Diplomats work overtime in Goma
Diplomats are working overtime as they travel to and fro in an attempt to prevent the conflict in the east of the Democratic Republic of Congo from escalating into an all-out war.
In the Kenyan capital Nairobi, seven African leaders have reached a fragile agreement on a peace process between government forces and Tutsi rebels.
United Nations envoy to the DRC, former Nigerian president Olesugan Obasanjo, will attempt to mediate between the two parties. In the meantime, the situation of the refugees is as distressing as ever.
Roeland van de Geer, special United Nations envoy for the Great Lakes Region, spends the whole time on the phone while we speed through western Rwanda’s breathtaking bright-green broccoli landscape in the direction of Goma, which lies across the border in the Democratic Republic of Congo.
Just after six p.m. our diplomat’s car arrives at the Rwandan-Congolese border. We are too late, since no vehicles are allowed to pass after six o’clock. Mr Van de Geer takes his briefcase and walks across the border..
EU colleagues are waiting for Mr Van de Geer on the Congolese side. We travel to the house of Annet Blok, director of a consultancy firm who has been living in Goma for 14 years. The small Dutch community is waiting on the balcony of her house, with its view of the Kivu Lake. They are craving for news.
Mr Van de Geer brings them up to date about the results of the summit in Nairobi, where seven African leaders agreed to organise peace talks. He also informs them that former Nigerian president Obasanjo will attempt to mediate between the two parties. Mr Van de Geer tells the group that a lot was achieved in Nairobi.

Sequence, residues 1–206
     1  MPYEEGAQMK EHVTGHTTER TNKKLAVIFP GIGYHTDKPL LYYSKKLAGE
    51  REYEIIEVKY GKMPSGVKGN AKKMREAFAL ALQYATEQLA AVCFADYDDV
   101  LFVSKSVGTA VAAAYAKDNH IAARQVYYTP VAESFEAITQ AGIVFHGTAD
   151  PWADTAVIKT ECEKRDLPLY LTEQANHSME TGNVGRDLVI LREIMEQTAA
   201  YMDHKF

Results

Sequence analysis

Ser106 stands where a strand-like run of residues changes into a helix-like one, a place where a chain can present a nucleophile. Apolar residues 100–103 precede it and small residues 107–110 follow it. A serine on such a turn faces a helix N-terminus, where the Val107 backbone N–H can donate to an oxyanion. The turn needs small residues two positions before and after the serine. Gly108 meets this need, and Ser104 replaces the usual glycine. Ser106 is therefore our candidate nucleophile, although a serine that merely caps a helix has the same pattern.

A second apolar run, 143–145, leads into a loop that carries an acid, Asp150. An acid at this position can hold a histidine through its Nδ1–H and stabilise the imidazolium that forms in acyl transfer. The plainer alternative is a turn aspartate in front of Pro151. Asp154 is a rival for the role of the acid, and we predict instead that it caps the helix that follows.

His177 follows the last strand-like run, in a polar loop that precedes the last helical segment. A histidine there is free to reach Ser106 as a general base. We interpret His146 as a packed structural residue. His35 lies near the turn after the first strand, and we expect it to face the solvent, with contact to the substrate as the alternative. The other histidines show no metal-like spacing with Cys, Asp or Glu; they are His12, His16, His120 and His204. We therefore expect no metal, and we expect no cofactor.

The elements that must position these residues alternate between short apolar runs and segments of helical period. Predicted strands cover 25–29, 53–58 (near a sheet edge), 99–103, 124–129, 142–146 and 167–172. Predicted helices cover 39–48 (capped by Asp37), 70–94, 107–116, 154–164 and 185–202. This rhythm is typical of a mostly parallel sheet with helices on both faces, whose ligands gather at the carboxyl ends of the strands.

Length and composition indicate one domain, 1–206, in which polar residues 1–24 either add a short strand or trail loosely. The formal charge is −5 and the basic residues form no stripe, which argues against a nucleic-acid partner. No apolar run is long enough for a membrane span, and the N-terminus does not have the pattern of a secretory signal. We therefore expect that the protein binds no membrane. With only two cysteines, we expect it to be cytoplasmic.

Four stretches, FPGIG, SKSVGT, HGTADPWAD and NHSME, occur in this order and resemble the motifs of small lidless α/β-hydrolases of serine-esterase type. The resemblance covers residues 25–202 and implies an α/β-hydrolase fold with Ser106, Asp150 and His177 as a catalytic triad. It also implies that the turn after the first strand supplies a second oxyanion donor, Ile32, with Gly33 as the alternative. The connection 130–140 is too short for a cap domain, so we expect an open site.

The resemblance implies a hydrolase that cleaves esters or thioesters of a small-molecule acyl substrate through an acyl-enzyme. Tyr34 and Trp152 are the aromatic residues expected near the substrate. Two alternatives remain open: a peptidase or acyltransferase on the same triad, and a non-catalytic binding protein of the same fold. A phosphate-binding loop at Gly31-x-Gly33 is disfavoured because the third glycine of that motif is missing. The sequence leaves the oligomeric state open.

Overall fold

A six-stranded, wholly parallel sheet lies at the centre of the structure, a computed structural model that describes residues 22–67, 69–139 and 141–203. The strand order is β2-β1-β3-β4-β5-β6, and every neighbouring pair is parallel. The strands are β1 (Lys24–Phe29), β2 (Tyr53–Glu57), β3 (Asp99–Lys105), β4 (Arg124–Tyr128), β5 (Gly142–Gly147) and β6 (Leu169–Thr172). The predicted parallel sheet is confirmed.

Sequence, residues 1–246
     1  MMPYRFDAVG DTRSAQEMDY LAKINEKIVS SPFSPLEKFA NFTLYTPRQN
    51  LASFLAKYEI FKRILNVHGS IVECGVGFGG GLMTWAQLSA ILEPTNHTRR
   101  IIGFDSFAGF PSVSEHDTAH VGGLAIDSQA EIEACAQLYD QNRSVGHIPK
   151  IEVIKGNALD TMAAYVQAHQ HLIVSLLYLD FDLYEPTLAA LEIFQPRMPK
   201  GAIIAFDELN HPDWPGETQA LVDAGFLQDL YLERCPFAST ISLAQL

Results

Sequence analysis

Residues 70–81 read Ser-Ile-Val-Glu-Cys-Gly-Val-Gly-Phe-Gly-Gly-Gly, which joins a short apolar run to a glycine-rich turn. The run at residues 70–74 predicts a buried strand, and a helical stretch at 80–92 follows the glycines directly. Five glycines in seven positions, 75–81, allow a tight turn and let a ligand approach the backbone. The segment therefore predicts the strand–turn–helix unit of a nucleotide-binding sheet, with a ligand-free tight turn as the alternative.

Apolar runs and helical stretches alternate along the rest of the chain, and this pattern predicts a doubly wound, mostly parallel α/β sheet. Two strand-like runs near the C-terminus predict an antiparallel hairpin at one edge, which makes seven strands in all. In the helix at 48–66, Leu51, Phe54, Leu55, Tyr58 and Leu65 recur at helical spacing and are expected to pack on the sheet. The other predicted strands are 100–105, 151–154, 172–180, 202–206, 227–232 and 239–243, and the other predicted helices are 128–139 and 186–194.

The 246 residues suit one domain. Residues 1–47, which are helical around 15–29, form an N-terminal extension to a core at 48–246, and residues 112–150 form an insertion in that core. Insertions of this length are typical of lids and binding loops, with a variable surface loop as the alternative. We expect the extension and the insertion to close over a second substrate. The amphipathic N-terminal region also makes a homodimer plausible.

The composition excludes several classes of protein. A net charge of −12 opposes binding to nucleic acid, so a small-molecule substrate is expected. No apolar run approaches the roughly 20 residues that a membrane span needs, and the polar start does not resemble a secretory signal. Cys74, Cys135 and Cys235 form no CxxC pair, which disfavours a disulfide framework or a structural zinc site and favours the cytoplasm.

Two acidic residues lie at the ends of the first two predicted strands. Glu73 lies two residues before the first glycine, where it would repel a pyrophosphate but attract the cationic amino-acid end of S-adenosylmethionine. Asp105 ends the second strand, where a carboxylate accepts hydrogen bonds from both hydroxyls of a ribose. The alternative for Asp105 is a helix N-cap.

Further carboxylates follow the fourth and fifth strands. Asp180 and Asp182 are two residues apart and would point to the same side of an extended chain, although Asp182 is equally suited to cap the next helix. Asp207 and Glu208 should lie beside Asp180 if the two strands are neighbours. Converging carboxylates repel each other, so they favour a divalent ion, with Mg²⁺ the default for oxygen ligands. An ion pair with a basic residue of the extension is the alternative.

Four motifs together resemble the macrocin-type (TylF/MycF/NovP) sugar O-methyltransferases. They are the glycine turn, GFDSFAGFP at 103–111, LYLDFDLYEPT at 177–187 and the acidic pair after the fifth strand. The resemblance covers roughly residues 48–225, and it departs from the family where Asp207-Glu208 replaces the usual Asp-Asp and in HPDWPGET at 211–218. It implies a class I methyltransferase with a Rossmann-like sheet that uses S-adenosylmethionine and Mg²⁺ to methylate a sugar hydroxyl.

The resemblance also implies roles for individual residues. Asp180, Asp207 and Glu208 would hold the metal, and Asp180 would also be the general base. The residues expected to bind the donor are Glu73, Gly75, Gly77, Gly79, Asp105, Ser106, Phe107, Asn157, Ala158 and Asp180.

The refugees and the front
The next day we travel to the town of Kibati, which is 10 kilometres to the north of Goma. Here, refugee camps have been set up to house 60,000 people who fled the rebel army of Tutsi general Laurent Nkunda. After passing a guard post manned by troops of the United Nations peacekeeping force MONUC, my motor-taxi driver says:
“The UN is useless. If it gets dangerous they withdraw.”
Suddenly it is deathly quiet. We have arrived at groups of huts that are empty. A hundred metres further there are huts that have been taken over by soldiers. This is the front where the governing army and Mr Nkunda’s rebels are less than 200 metres from each other. We have travelled too far and quickly turn around.
Five minutes later I see a queue of displaced people waiting for pieces of plastic canvas. A woman breastfeeding her child while waiting in line says:
“We had to flee so quickly from Nkunda’s troops that we didn’t have time to take any possessions with us. On the day we left I could hear shots and explosions near our village. I left just on time, but my entire family was killed.”
As I walk into the camp I see a small girl in bare feet walking on sharp volcanic pumice. This is an explosive area in more ways than one. In 2002, the active volcano nearby Goma destroyed half of the town. The women in the camp use the pumice to build wind breaks for the fires on which they cook.
In the open air
Further on a man stands up from the plastic canvas on which he was sitting.
“Two weeks ago I fled from Rumangabo, which is 35 kilometres away. There was an enormous panic when we heard Nkunda’s troops coming. Around 2,000 of us fled into the Virunga national park. I lost sight of my wife and children in the confusion. Only 200 of the 2,000 people in my town have arrived in Kibati. I have no idea what happened to them.”
Before I walk further between the improvised huts, where often more than ten people sleep in a space of two square metres, the man shows me how he lives. He folds the canvas on which he was sitting in two and along with a couple of other people crawls under it. This is their only means of shelter.
There is still hope
Later I meet Roeland van de Geer in Goma, at the UN Office for the Coordination of Humanitarian Affairs. The office is encircled by razor-sharp barbed wire. Mr Van de Geer:
“Although we’ve reached agreement on a political level, on the ground there’s a warlike mentality of fighting the conflict to the finish.”
When I visit Mr Van de Geer at his hotel in the evening he is much more positive. He has had intensive contact with President Joseph Kabila who has informed him that he is finally willing to negotiate with Mr Nkunda.
“I think that our work partly consists of refusing to see the challenge as a problem. Instead, we must see the problems as a challenge.”
Harm van Atteveld